Changes to Testing Coming to Tennessee

Bill Haslam
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Tennessee Governor Bill Haslam and Education Commissioner Candice McQueen today announced changes in the delivery of the TNReady assessment for the current school year and additional changes that will take effect beginning in the 2019-20 school year. The changes are a direct response to a report generated by the recent statewide listening tour that included roundtable conversations and online feedback from educators including teachers, testing coordinators and school administrators on how to make improvements to the assessment process.

“These are real solutions, some of which are already underway or will be implemented later this year, that will be felt by educators, students and parents across the state,” Haslam said. “Throughout the listening tour, the message from teachers was clear that we do not need to start over but rather do all we can to improve the delivery of TNReady. We think these changes will do just that and create a better testing experience for both students and teachers.”

The Department of Education has already made significant changes, including a successful verification of the testing platform involving roughly 50,000 students, ensuring quicker turnaround of results starting with the fall end-of-course assessments, and providing better educator training opportunities.

This is a “positive development” according to JC Bowman, Executive Director of Professional Educators of Tennessee.  “It is critical that the state continues to review on-the-ground data from districts, educators and students,” added Bowman.

The state will perform another large-scale verification test in the Spring to ensure readiness for the April administration window.   Within the next week, Districts that participated will receive a score report for all students that took a practice test. These score reports will provide details about the specific standards that were captured in the practice test questions. “This feedback, which has never been available before, will help teachers further improve their instruction to meet their students’ needs” Bowman pointed out.

Additional changes for the 2018-19 school year include earlier access to test administration documents; clarity and consistency in the test administration documents; less paper to manage by combining materials; fewer assessment subparts; and a more responsive help desk.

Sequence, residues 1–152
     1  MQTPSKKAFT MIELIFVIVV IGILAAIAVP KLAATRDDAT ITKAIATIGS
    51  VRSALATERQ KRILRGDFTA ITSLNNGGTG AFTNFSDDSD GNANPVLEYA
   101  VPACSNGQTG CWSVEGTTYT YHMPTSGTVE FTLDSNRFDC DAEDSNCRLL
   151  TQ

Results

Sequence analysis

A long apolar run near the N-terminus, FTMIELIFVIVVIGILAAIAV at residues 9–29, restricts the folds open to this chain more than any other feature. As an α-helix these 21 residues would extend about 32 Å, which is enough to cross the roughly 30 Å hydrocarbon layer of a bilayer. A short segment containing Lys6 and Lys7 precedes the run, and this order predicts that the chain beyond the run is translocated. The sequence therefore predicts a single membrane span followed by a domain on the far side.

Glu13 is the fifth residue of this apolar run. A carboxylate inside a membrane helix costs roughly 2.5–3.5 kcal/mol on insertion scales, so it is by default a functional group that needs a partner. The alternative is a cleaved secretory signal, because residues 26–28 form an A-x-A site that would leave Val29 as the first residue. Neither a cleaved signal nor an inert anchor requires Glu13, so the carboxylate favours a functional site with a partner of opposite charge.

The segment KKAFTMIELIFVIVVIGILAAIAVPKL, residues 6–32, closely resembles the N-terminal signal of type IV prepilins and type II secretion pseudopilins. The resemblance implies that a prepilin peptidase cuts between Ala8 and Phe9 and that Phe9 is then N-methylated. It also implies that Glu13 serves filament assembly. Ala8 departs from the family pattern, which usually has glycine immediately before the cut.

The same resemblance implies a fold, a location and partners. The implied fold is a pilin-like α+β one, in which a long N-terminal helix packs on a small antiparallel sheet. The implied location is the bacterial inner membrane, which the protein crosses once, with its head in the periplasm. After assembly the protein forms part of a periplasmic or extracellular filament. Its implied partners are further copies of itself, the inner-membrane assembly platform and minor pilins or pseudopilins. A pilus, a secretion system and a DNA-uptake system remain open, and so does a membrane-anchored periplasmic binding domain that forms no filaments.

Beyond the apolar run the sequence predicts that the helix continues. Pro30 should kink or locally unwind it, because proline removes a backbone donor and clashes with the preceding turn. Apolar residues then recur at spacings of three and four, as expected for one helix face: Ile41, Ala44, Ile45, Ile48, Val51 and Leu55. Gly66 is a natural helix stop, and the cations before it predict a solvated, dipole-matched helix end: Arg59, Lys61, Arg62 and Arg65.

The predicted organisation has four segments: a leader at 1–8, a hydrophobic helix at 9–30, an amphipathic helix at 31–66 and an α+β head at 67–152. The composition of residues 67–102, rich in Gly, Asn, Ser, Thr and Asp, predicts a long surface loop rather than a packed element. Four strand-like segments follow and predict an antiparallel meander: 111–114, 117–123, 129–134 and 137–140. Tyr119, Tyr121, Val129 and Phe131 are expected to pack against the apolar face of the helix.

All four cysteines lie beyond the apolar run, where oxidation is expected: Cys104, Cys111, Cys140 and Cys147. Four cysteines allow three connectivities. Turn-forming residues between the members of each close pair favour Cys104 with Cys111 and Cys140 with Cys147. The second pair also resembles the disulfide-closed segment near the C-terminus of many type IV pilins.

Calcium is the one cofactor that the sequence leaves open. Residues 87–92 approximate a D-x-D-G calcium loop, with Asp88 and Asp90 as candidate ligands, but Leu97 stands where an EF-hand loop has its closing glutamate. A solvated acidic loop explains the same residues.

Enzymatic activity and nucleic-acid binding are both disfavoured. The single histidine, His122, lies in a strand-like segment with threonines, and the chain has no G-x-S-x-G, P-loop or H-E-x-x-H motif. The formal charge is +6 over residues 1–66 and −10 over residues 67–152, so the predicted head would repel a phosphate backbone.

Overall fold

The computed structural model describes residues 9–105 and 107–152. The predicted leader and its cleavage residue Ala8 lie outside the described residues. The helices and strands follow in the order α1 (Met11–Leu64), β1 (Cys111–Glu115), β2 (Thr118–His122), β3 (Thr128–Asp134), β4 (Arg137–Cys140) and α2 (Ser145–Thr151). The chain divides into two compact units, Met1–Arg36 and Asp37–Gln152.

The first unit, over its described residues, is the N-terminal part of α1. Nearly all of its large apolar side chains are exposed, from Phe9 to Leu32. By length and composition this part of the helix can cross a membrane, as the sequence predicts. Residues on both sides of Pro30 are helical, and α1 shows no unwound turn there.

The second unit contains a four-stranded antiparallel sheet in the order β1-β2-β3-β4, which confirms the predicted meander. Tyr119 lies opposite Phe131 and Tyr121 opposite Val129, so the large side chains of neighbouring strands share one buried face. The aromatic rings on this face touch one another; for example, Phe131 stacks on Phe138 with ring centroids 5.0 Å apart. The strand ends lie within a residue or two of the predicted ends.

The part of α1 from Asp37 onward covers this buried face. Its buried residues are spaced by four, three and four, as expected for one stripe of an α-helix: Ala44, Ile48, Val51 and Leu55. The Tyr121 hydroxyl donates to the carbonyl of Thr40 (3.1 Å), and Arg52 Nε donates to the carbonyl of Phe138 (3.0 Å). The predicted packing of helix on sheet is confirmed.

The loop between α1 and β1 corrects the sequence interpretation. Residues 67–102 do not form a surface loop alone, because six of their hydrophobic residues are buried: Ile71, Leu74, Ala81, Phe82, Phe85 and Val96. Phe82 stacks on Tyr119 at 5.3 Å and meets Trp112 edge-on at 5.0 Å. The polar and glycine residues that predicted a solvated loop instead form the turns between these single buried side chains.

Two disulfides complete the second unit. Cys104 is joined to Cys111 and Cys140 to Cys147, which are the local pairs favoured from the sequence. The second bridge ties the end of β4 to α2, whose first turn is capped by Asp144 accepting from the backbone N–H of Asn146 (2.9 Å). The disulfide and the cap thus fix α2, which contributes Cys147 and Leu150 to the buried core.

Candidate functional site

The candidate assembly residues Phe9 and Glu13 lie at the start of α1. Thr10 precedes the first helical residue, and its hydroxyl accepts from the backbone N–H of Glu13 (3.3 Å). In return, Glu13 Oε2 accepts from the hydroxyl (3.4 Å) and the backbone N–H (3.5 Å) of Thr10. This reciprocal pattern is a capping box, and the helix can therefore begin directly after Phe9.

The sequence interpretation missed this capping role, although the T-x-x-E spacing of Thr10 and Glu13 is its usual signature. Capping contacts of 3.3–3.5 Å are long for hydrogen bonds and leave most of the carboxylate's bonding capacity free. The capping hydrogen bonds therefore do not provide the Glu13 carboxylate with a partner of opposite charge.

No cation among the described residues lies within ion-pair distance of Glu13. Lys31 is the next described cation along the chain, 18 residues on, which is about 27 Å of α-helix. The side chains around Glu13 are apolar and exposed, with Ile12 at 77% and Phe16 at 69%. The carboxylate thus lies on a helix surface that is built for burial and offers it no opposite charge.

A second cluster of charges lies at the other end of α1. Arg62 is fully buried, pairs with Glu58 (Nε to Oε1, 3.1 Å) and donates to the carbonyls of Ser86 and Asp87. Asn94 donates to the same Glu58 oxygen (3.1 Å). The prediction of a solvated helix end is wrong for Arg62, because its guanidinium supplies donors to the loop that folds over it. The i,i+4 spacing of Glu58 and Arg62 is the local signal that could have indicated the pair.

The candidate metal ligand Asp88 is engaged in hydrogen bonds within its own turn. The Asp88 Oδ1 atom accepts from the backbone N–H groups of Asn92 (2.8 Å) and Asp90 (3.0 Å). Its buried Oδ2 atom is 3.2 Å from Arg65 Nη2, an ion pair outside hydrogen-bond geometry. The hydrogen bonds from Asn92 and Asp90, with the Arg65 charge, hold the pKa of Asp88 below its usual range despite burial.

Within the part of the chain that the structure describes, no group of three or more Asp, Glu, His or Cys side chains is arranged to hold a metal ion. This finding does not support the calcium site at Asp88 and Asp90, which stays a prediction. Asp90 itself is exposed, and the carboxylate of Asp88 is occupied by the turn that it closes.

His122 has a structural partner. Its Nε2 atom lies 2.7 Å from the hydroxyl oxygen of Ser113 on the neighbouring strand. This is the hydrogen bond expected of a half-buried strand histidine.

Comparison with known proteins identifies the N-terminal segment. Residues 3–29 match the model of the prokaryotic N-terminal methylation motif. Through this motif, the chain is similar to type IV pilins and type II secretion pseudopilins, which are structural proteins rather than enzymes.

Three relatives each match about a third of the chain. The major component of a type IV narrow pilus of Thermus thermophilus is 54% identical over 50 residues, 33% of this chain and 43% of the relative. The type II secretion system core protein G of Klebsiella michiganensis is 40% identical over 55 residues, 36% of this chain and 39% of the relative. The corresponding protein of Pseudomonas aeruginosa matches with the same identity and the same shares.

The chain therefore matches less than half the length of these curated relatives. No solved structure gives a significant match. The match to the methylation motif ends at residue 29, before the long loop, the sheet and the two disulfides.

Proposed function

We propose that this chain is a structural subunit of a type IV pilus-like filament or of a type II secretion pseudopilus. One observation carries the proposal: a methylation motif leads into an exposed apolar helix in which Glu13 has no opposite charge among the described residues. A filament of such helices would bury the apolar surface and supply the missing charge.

“Making continuous improvements based on educator feedback is what will make our testing program work for every teacher and student in Tennessee,” McQueen said. “We are grateful to the teachers, testing coordinators and administrators that shared their ideas with us, and we feel confident that these steps we are announcing today will result in smoother test delivery and feedback that will support greater student success.”

As the department begins the process of selecting a testing vendor for the 2019-20 school year, the Governor laid out five additional specific steps the state plans to take to address long-term concerns learned through the listening tour process.

Those steps include:

1)               Greater access to technology by pursuing implementation of the Tennessee Student Technology Enrichment Program (TNSTEP) to provide school districts with more affordable options for obtaining technology devices.

2)               Smarter delivery of the assessments based on grade levels. Grades 3-4 testing will remain paper only; grades 5-8 will continue testing science online and other subject areas will move online upon vendor demonstrating readiness; and high school end-of-course assessments will be administered online, but the state will explore offering reading passages in paper copy.

3)               Faster results will be delivered to teachers and families as priority will be given to an assessment vendor that can provide electronic delivery by creating an online login once scores are available.

4)               Better preparation will be available by providing additional TNReady practice test items to teachers and students and by pursuing an option that would allow districts to deliver optional benchmarks tests that mirror TNReady.